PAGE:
Fog Safety While Driving

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Fog, particularly when dense, can be very hazardous to drivers. Fog contributes to numerous travel accidents every year.

Dense Fog Advisories are issued when visibility drops to or is expected to drop to one quarter mile or less. Take caution and check to see if there are any Dense Fog Advisories issued for your commute before driving

Driving in Fog

Fog is a visible mass consisting of cloud water droplets or ice crystals suspended in the air at or near the Earth’s surface. Driving in fog is dangerous because visibility is reduced. Fog, particularly when dense, can be hazardous to drivers, mariners and aviators. Fog contributes to numerous travel accidents every year. To keep safe, follow these tips for driving in fog:

  • Slow down. If you cannot see where you are going, do not drive fast. Slow down and allow extra time to reach your destination. Make your vehicle visible to others both ahead of you and behind you by using your low-beam headlights since this means your taillights will also be on. Use fog lights if you have them. Use your speedometer as a guide to regulate your speed, because thick fog masks the sensation of speed by removing visual indicators of velocity. Leave plenty of distance between you and the vehicle in front of you to account for sudden stops or changes in the traffic pattern.
  • Use low-beam headlights. When visibility is restricted, a driver’s natural tendency is to activate the high-beam headlights. Never use your high-beam lights. Using high beam lights causes glare, making it more difficult for you to see what’s ahead of you on the road.
  • Use fog lights. If your vehicle has front fog lights, they can help illuminate the road and make your vehicle more visible to other drivers. Some vehicles have rear fog lights, which help motorists who are following you to see your vehicle from a greater distance.
  • Use the right-side pavement line as a guide. In thick fog, use the white line painted on the right side of the road as a guide. Do not use the center pavement markings, because doing so will guide you to move closer to oncoming vehicles, which are also driven by people having trouble seeing where they are going.
  • Do not stop on the road. When you cannot see where you are going, a natural reaction is to slow down or even stop. In fog, never stop on the road. Find a safe place to pull over that is as far away from traffic as possible and turn off your lights. Leaving your lights on may cause motorists to think that your taillights indicate the lane of travel, which could cause a collision.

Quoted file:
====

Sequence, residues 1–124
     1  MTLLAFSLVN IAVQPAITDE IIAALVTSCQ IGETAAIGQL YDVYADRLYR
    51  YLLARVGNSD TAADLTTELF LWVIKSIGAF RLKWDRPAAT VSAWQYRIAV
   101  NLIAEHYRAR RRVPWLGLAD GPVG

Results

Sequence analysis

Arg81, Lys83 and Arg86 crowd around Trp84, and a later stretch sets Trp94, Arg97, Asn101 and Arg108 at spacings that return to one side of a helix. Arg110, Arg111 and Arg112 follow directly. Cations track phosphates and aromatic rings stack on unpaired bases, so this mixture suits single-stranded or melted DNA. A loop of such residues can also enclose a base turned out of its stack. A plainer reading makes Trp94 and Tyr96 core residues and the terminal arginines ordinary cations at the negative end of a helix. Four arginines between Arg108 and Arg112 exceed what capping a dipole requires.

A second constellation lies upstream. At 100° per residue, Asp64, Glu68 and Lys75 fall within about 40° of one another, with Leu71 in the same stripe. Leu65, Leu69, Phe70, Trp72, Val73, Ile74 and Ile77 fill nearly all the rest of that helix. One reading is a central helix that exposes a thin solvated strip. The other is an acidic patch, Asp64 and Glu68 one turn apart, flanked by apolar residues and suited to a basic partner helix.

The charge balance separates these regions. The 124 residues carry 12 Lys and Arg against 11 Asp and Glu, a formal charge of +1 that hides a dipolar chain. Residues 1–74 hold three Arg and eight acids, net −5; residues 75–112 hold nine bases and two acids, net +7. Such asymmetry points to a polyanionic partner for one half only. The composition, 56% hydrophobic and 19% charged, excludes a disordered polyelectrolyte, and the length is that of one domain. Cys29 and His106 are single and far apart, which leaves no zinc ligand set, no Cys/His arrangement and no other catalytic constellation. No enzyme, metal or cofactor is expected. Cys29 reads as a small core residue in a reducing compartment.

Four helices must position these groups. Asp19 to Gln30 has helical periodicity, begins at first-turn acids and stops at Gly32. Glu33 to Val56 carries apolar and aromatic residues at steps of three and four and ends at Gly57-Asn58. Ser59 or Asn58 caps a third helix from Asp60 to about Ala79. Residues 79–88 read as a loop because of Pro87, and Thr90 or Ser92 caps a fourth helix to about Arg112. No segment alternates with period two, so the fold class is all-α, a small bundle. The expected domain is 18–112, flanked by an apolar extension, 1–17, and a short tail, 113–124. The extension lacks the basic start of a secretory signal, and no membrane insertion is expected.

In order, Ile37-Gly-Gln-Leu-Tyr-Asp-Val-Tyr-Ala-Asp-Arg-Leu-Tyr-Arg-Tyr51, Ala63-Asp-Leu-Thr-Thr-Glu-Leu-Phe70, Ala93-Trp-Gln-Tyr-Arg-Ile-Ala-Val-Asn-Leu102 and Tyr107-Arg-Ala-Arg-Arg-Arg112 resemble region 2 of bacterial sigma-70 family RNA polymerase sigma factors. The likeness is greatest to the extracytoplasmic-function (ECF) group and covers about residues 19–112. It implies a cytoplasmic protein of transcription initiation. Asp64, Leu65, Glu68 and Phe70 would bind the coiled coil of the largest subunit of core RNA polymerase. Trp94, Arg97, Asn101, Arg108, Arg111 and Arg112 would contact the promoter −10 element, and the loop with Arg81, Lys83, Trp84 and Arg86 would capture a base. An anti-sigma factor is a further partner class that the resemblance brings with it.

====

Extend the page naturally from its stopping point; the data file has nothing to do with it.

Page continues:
• Extremely dense fog. In extremely dense fog where visibility is near zero, the best course of action is to first turn on your hazard lights, then simply pull into a safe location such as a parking lot of a local business and stop. If there is no parking lot or driveway to pull into, pull your vehicle off to the side of the road as far as possible. Once you come to a stop, turn off all lights except your hazard flashing lights, set the emergency brake, and take your foot off of the brake pedal to be sure the tail lights are not illuminated so that other drivers don’t mistakenly run into you.

Fog Advisories

A Dense Fog Advisory is issued by your local National Weather Service office when widespread dense fog develops. When this happens, visibilities frequently drop to one-quarter of a mile or less. These conditions make travel difficult. Take extra caution when on the road or avoid driving if possible.

A Freezing Fog Advisory is issued by your local National Weather Service office when fog develops and surface temperatures are at or below freezing. The tiny liquid droplets in the fog can freeze instantly to any surface, including vehicles and road surfaces. Freezing fog makes driving, boating, flying and other forms of transportation particularly hazardous. Visibilities are typically at or below 1 mile.

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